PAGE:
WATCH | Are you confused about what's going on with all the investigations involving Russia and the White House? Don't feel bad. There are a lot of them and they are getting bigger. Here's a handy breakdown of who is investigating what.
Add wiretaps to the list
This weekend, President Trump accused former President Barack Obama of tapping his phones in Trump Tower during the election season.
A spokesperson for Obama and James Clapper, the former Director of National Intelligence, both denied the allegations.
Trump has demanded an investigation into the surveillance and on Sunday, Devin Nunes, the chair of the House Intelligence Committee said that panel would.
Intelligence Committee Investigations
Members of the Senate Intelligence Committee haven't indicated that they will investigate the wiretaps but both the Senate and House committees are still looking into Russia's involvement in the 2016 election.
The committees are also investigating ties between Russia and individuals associated with political campaigns.
The Senate Judiciary Subcommittee on Crime and Terrorism is also investigating Russian meddling in the 2016 election.
Subcommittee chairman Sen. Lindsey Graham (R--N.C.) is known for being a Russia hawk.
"Our goal is simple - to the fullest extent possible we want to shine a light on Russian activities to undermine democracy," Graham said in a February statement announcing the investigation.
House Oversight Committee
Congress' main investigative committee isn't looking into Russia's ties to the White House, but it is investigating leaks of classified information about conversations former National Security Adviser Michael Flynn had with the Russian Ambassador to the U.S.
Flynn was forced to resign after the leaks revealed he discussed economic sanctions with Ambassador Sergey Kislyak. He had told Vice President Mike Pence that they did not talk about sanctions.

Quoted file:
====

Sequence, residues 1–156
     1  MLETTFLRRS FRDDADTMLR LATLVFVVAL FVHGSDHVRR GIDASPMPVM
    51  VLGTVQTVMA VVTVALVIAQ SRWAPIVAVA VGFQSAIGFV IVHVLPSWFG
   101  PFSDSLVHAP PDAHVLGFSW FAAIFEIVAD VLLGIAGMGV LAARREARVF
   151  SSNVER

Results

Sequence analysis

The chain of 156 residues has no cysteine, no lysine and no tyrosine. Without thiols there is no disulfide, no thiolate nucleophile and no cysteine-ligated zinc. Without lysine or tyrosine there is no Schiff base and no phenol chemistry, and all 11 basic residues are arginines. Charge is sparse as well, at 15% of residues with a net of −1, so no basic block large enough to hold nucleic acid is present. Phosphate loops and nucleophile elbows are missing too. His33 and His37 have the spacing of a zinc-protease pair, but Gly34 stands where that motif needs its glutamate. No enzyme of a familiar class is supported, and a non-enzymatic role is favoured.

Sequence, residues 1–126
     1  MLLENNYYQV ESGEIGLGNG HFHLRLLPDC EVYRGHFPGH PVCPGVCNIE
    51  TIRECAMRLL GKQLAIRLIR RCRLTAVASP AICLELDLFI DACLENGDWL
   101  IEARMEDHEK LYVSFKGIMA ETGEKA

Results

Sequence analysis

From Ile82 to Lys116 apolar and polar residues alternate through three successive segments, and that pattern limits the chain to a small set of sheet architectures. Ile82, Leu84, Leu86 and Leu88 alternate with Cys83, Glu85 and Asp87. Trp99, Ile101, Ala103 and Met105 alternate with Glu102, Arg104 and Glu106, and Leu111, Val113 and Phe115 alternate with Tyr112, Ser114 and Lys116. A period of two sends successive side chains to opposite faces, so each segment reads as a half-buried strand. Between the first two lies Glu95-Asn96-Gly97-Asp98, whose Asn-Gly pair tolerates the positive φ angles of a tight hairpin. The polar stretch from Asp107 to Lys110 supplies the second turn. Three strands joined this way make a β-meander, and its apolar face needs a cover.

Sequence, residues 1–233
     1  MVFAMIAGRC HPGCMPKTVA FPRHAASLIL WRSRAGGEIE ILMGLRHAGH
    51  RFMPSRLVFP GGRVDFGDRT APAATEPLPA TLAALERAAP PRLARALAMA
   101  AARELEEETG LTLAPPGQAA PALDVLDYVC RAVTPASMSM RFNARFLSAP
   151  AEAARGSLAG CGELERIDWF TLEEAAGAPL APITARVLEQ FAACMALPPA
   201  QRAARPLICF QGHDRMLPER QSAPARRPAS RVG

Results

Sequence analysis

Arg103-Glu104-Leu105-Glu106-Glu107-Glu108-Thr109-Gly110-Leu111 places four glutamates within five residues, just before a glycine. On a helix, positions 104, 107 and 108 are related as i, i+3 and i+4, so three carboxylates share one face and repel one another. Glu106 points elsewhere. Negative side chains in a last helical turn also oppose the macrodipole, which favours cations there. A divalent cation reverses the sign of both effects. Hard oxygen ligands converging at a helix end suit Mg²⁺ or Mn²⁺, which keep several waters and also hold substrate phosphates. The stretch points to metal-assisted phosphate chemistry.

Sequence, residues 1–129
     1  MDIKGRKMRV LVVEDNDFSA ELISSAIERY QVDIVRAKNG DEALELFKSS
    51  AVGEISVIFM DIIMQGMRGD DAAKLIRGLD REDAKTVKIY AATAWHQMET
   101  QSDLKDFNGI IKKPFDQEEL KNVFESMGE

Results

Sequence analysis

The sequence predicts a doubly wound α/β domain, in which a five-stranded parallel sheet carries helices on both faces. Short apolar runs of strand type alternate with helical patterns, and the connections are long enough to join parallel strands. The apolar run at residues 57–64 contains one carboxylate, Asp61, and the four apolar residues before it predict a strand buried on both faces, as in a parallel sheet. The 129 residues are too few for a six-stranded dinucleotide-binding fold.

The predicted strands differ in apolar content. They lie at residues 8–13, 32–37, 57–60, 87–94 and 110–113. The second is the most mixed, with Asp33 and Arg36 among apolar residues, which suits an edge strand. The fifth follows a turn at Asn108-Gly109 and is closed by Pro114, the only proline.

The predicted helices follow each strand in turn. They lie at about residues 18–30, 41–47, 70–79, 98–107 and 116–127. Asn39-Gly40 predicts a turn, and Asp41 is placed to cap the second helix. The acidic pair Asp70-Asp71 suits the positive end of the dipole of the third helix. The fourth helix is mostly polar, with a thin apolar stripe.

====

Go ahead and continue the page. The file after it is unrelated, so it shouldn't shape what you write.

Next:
Senate Armed Services focused on preventing more hacks
While everyone else is looking into alleged ties and communications between White House officials and the Kremlin, the Senate Armed Services Committee is hoping to come up with solutions to protect America from future cyber threats.
Committee Chair John McCain has said his panel will look into how the U.S. can best deter cyberattacks from foreign countries like Russia and will hold hearings to interview top cybersecurity officials.
Some lawmakers say its not enough
Democrats have been calling for the creation of a special, bipartisan select committee investigation -- similar to the 9/11 commission -- but Republicans want to keep the probes inside standing committees.
Increasingly Democrats and even some Republicans have been calling for a special prosecutor to investigate connections between Trump campaign officials and Russia. A new poll today shows that most Americans want a special prosecutor.
Meanwhile, the FBI is doing a little digging of its own into the Russia situation.
Attorney General Jeff Sessions has recused himself from any investigations into the Trump campaign's ties to Russia after it was revealed he had also met with Kislyak while he was still a Senator.
Senators often meet with foreign diplomats, but it's unclear if Sessions met with Kislyak on Senate business or as a surrogate for Trump's campaign.
The O.G. investigation
Don't forget, back in December, then-President Obama ordered the intelligence community to review the hacks of the Democratic National Committee. That report came out in early January and concluded that Russian President Vladimir Putin had very likely ordered the hacks to undermine Hillary Clinton's campaign.
Trump initially denied those findings, but later said he thought Russia was probably behind the hacks.
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